A primarily 1930s suburb situated between Chislehurst and Bexley
Sidcup’s name was first recorded in 1254 (as Cetecopp) and is derived from Old English words meaning either a ‘fold in a hill’ or ‘seat-shaped or flat-topped hill’. This was essentially a field name and there is no record of a hamlet existing here until 1675. One nearby house called Frognal, which had pre-dated the hamlet, was rebuilt on several occasions between the 15th and the early 18th centuries.
The village gained an inn, a forge and a scattered handful of country seats. Shown in the photo above,* Sidcup Place, as it is now called, is said to have been built in 1743 by an officer in the army engineers as a star-shaped fort. If this is true the house was soon remodelled on more conventional lines and has since been much extended. The house is now a Marstonʼs pub and restaurant called the Star at Sidcup Place, which stands in Sidcup Place Park.
Sidcup Manor House (originally Place Green House) was built around 1790. The church of St John the Evangelist was dedicated in 1844 and soon afterwards the village acquired its first terraced housing, in Church Place.
Sidcup station opened in 1866 on the Dartford loop line and second-class (rather than third-class) season ticket-holders almost immediately began to settle here. It was the siting and naming of the station that determined Sidcup’s subsequent pre-eminence over neighbouring villages like Foots Cray and the now-absorbed Halfway Street, which until then had been of equal or greater significance.
In the 40 years after 1871, Sidcup’s population rose from 390 to 8,493. The new residents were housed in small estates built by individual developers and the properties were substantial detached or semi-detached villas, with gardens as large as a quarter of an acre. In response to the suburb’s growth, St John’s church was rebuilt in its present form at the beginning of the 20th century.
Almost all the early building took place in the hinterland of Station Road; north of the tracks the hamlet of Lamorbey remained largely undisturbed until the establishment of the Greenwich and Deptford Children’s Homes in 1902.
In 1917 the grounds of Frognal became the site of a hospital that specialised in the treatment of soldiers and sailors with facial and jaw injuries. It has since evolved into Queen Mary’s hospital.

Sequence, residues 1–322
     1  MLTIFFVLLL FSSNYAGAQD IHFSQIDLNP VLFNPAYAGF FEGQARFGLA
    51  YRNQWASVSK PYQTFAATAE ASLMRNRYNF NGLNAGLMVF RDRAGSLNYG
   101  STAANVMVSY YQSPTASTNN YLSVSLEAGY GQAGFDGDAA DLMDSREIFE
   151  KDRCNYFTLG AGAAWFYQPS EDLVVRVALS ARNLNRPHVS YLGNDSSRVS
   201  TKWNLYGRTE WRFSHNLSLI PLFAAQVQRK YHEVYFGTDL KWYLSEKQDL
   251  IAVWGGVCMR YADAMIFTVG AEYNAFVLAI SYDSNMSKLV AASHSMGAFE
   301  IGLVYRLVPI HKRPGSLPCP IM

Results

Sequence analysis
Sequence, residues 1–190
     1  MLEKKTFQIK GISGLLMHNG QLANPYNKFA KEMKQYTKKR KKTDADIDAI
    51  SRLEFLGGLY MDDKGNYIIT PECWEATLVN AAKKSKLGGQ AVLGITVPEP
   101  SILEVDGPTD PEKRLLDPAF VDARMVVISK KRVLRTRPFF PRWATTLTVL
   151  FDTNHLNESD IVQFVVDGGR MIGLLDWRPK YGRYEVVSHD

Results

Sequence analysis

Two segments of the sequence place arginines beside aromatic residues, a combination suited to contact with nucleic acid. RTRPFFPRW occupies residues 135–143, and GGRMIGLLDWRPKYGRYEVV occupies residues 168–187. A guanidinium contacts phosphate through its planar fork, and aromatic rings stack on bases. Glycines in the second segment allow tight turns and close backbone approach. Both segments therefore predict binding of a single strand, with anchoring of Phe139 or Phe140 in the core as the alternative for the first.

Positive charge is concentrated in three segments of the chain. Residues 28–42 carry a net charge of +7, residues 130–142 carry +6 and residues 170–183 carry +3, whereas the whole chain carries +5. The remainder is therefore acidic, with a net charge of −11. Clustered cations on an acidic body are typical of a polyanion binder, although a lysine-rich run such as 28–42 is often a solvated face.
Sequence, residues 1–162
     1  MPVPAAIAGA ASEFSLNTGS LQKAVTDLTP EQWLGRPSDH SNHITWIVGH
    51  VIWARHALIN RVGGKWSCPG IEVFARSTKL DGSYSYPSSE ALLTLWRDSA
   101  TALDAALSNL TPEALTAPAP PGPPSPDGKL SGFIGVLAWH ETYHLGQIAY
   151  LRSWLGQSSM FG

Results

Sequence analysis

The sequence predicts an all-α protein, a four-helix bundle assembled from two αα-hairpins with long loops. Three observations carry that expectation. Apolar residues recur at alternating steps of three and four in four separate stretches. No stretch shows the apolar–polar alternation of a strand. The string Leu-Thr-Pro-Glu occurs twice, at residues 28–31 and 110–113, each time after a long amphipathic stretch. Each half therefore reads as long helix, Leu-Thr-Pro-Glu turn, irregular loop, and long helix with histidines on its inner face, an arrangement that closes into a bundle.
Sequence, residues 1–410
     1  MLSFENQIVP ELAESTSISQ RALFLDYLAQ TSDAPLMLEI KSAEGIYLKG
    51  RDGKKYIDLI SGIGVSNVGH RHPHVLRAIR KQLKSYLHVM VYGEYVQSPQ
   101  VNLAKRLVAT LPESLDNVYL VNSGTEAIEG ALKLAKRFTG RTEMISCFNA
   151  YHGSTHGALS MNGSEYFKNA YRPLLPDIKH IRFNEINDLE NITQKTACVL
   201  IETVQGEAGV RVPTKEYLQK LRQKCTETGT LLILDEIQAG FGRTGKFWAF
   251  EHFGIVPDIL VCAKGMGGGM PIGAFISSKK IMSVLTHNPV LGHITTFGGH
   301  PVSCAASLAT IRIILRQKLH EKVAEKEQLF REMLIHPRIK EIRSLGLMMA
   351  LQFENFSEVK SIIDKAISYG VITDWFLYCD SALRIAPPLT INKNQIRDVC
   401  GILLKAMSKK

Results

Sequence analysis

After the First World War, and especially in the ten years from 1929, a building boom carried Sidcup northward beyond the railway line and south to the new by-pass (A20) to fill roughly its present sprawling extent, while a denser network of streets encircled the old village.
Apart from the construction of council estates soon after the Second World War, the main changes in the second half of the 20th century were the widespread extension of private homes, with features such as garages and granny flats, and the building of offices in central Sidcup.
More recently, privately built apartment blocks such as The Fold, shown in the small photograph,* have been squeezed in wherever planning permission can be obtained.
Sidcup Manor House was used by the council’s registry service before it moved to Danson House in July 2016. The manor house’s future is presently uncertain; at the time of writing the council is hoping to offload the building to a private developer who will convert it into a ‘boutique hotel and spa’.
The Sidcup ward has very low unemployment, high home ownership and a relatively high number of pensioners living alone. Like much of this corner of Greater London, its ethnic profile is overwhelmingly white British.
In Harold Pinter’s influential 1960 play The Caretaker, the tramp Davies (played originally and in the film version by Donald Pleasence) insists repeatedly but implausibly that everything will be all right if he can only get down to Sidcup.